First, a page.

Yes, I am happy to received promotional communications from Mondaq
No, please do not send me promotional communications from Mondaq
Terms & Conditions

Mondaq.com (the Website) is owned and managed by Mondaq Ltd (Mondaq). Mondaq grants you a non-exclusive, revocable licence to access the Website and associated services, such as the Mondaq News Alerts (Services), subject to and in consideration of your compliance with the following terms and conditions of use (Terms). Your use of the Website and/or Services constitutes your agreement to the Terms. Mondaq may terminate your use of the Website and Services if you are in breach of these Terms or if Mondaq decides to terminate the licence granted hereunder for any reason whatsoever.

Use of www.mondaq.com

To Use Mondaq.com you must be: eighteen (18) years old or over; legally capable of entering into binding contracts; and not in any way prohibited by the applicable law to enter into these Terms in the jurisdiction which you are currently located.

You may use the Website as an unregistered user, however, you are required to register as a user if you wish to read the full text of the Content or to receive the Services.

You may not modify, publish, transmit, transfer or sell, reproduce, create derivative works from, distribute, perform, link, display, or in any way exploit any of the Content, in whole or in part, except as expressly permitted in these Terms or with the prior written consent of Mondaq. You may not use electronic or other means to extract details or information from the Content. Nor shall you extract information about users or Contributors in order to offer them any services or products.

In your use of the Website and/or Services you shall: comply with all applicable laws, regulations, directives and legislations which apply to your Use of the Website and/or Services in whatever country you are physically located including without limitation any and all consumer law, export control laws and regulations; provide to us true, correct and accurate information and promptly inform us in the event that any information that you have provided to us changes or becomes inaccurate; notify Mondaq immediately of any circumstances where you have reason to believe that any Intellectual Property Rights or any other rights of any third party may have been infringed; co-operate with reasonable security or other checks or requests for information made by Mondaq from time to time; and at all times be fully liable for the breach of any of these Terms by a third party using your login details to access the Website and/or Services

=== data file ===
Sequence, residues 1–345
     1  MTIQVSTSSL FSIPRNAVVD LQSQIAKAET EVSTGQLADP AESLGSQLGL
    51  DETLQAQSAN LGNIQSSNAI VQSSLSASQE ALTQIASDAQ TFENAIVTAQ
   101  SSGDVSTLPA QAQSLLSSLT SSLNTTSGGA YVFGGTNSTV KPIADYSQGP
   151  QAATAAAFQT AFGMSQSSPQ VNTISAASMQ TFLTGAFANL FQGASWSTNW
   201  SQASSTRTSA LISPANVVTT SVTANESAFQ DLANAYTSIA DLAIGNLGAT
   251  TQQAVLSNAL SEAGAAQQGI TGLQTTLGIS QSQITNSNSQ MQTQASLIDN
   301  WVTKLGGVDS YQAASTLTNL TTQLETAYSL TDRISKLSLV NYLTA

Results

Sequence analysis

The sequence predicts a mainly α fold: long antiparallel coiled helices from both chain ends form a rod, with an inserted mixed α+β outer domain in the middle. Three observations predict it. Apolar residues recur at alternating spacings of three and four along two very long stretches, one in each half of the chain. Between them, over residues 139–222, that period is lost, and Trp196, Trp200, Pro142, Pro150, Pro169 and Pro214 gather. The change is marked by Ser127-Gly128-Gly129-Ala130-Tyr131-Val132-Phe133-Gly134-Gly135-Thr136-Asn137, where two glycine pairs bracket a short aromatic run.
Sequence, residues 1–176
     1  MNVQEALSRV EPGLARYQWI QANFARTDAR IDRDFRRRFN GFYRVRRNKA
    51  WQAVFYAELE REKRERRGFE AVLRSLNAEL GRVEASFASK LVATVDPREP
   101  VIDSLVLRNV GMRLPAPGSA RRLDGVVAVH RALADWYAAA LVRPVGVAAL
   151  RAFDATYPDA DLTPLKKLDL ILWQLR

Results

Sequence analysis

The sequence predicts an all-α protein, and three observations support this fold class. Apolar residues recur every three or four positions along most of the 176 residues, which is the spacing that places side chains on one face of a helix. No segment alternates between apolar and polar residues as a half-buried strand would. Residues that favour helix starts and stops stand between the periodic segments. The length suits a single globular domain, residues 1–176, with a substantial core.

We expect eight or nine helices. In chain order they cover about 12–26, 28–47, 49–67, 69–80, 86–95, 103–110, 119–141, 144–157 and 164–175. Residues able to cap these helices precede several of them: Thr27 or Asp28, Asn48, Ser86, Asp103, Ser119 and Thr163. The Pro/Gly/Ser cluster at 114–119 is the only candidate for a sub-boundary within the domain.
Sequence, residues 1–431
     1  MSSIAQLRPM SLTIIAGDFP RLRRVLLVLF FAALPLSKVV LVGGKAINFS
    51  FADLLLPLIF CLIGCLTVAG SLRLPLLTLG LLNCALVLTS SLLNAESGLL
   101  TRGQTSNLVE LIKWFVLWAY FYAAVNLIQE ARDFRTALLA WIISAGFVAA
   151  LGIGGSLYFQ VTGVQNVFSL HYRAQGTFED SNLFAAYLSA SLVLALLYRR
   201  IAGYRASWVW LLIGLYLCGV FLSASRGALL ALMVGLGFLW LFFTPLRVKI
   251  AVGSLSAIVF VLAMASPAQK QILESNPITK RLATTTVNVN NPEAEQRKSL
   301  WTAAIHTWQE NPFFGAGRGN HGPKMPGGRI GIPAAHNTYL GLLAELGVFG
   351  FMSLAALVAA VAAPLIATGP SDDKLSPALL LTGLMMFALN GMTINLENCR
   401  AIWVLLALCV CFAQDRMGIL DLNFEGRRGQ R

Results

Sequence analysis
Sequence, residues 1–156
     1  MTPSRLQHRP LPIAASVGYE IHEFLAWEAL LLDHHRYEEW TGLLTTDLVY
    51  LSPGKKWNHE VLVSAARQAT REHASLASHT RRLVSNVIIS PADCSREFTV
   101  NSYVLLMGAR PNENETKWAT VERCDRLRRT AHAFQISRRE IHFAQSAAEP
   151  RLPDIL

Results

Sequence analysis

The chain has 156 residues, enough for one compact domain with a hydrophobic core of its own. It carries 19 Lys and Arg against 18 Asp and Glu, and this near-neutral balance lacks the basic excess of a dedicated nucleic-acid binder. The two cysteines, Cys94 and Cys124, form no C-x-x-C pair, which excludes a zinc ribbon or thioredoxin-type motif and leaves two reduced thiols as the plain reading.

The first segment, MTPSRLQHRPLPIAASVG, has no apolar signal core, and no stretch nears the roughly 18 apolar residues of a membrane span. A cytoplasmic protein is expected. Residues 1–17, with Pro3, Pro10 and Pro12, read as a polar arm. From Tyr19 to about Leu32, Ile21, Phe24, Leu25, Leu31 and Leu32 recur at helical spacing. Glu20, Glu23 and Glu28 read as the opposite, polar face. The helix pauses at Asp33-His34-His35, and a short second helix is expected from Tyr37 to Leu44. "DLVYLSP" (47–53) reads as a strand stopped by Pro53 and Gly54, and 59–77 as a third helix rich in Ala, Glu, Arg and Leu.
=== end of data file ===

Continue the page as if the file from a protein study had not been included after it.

however, you shall not: do anything likely to impair, interfere with or damage or cause harm or distress to any persons, or the network; do anything that will infringe any Intellectual Property Rights or other rights of Mondaq or any third party; or use the Website, Services and/or Content otherwise than in accordance with these Terms; use any trade marks or service marks of Mondaq or the Contributors, or do anything which may be seen to take unfair advantage of the reputation and goodwill of Mondaq or the Contributors, or the Website, Services and/or Content.

Mondaq reserves the right, in its sole discretion, to take any action that it deems necessary and appropriate in the event it considers that there is a breach or threatened breach of the Terms.

Mondaq’s Rights and Obligations

Unless otherwise expressly set out to the contrary, nothing in these Terms shall serve to transfer from Mondaq to you, any Intellectual Property Rights owned by and/or licensed to Mondaq and all rights, title and interest in and to such Intellectual Property Rights will remain exclusively with Mondaq and/or its licensors.

Mondaq shall use its reasonable endeavours to make the Website and Services available to you at all times, but we cannot guarantee an uninterrupted and fault free service.